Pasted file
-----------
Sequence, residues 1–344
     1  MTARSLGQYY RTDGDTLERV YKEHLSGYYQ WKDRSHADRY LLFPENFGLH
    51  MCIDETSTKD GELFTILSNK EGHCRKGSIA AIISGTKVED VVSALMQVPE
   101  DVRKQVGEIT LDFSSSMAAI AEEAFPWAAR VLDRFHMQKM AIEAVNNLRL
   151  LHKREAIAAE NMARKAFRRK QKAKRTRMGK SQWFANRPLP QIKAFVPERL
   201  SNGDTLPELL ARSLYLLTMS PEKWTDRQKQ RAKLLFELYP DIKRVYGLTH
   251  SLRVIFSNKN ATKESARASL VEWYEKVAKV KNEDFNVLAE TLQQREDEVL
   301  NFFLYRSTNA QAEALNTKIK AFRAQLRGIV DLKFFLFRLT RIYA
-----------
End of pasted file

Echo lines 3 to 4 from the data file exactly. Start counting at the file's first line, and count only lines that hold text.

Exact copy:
    51  MCIDETSTKD GELFTILSNK EGHCRKGSIA AIISGTKVED VVSALMQVPE
   101  DVRKQVGEIT LDFSSSMAAI AEEAFPWAAR VLDRFHMQKM AIEAVNNLRL